'Take as directed' a lot easier with these new tools

August 20, 2007

Companies offer technology that can be used by pharmacists to help improve patient compliance.

Given that patient compliance with drug regimens is a perennial problem, it's no surprise that vendors continue to roll out new technologies designed to beep, text message, or color-code patients along their way to better health.

According to a report released this month from the National Council on Patient Information and Education (NCPIE), patients not experiencing acute symptoms are less likely to adhere to their medications. The report added that only 51% of patients with high blood pressure stick with their medications.

"Compliance problems are rampant for reasons that are multitudinous and varied," said Katherine Binns, senior VP of healthcare research at Harris Interactive, a market research firm. "These barriers leading to noncompliance present significant challenges."

Here's a look at some of the latest compliance newbies featuring such cutting-edge technology.

Getting personal

"Servicing the prescription needs of long-term care facilities offers a lucrative business opportunity to pharmacies, but the high labor commitment of traditional compliance packaging often creates a barrier," said Nanette Kirsch, a Parata spokeswoman. "Parata's PACMED is an essential tool that solves that problem, offering significant advantages over blister packaging."

The packaging, which is covered under Medicare MTM as compliance packaging, processes up to 60 unit-dose packages or 50 multi-dose packages per minute and seamlessly aligns inventory with patient demand. Plus, the included Server+ software facilitates multi-tasking and maximum pharmacy productivity, according to Kirsch.

"Custom-printed unit-of-dose pouches ensure that the right patient gets the right medications at the right time, every time," Kirsch said. "Plus, the system reduces inventory costs, since, as class A packages, most unused medications can be returned to stock."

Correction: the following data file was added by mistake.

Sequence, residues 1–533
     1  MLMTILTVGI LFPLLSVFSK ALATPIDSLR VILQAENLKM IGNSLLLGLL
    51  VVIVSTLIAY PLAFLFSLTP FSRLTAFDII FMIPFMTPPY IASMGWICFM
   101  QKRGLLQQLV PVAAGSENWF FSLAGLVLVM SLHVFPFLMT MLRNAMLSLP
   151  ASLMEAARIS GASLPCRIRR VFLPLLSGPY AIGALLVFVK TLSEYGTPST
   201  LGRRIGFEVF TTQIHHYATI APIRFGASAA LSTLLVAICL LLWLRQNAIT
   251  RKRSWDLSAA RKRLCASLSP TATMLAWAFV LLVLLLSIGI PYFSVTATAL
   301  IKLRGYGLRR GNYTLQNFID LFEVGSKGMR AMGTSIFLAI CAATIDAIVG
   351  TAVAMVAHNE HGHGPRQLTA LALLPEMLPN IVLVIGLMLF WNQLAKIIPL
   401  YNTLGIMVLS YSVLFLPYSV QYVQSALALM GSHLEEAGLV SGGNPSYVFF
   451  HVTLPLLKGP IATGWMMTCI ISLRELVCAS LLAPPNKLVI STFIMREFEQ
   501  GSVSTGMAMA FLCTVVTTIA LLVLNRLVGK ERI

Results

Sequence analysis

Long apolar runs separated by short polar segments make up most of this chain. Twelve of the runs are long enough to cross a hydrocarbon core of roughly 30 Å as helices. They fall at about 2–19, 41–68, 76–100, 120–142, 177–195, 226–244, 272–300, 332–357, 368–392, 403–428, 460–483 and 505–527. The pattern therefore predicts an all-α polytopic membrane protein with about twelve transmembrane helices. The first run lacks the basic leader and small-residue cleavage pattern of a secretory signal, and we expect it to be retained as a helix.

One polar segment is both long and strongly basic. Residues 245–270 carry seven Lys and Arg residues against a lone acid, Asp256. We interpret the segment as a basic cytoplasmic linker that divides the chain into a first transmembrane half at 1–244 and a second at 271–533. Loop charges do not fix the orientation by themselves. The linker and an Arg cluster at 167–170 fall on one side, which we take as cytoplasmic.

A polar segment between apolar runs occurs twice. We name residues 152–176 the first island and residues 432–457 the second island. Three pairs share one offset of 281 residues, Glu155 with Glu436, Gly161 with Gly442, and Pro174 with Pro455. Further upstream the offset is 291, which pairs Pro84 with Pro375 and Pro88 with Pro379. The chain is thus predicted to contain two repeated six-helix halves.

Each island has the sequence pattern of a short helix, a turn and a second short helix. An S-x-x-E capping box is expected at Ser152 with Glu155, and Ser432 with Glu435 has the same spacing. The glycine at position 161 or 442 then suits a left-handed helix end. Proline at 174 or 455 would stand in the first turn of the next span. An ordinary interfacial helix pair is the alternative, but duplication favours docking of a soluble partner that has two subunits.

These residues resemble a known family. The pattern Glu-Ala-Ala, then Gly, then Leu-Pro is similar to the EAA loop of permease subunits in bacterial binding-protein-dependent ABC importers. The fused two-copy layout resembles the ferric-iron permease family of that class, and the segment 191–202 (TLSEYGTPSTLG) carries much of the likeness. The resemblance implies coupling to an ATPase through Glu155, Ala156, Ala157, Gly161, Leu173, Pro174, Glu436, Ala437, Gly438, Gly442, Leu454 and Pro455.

Other perks of the system include the ability to include personalized directions, such as "8 AM" or "breakfast"; the ability to help patients identify when a dose has been missed; or convenient portability of doses.

Electronic compliance

• MeadWestvaco's Cerepak, billed as "electronic compliance packaging," is yet another new product. Cerepak is designed to accurately record the date and time each dose of medication is taken. In addition, sensors in the packaging monitor the specific tablet or tablets being removed by a patient.

The system also enables patient dosing data, as well as any other data collected, to be fed to a personal computer or uploaded to Web-based compliance-analysis software that is maintained by a pharmacy, doctor, or other healthcare professional.

Packaging for Cerepak is available in many formats, including MeadWestvaco's Dosepak packaging, which features an outer carton for ample billboard space, a fold-over blister card, and an attached insert for patient education and prescription directions. Dosepak can also include a micro CD, as well as patient quality-of-life questionnaires, which can request feedback regarding side effects of drugs taken.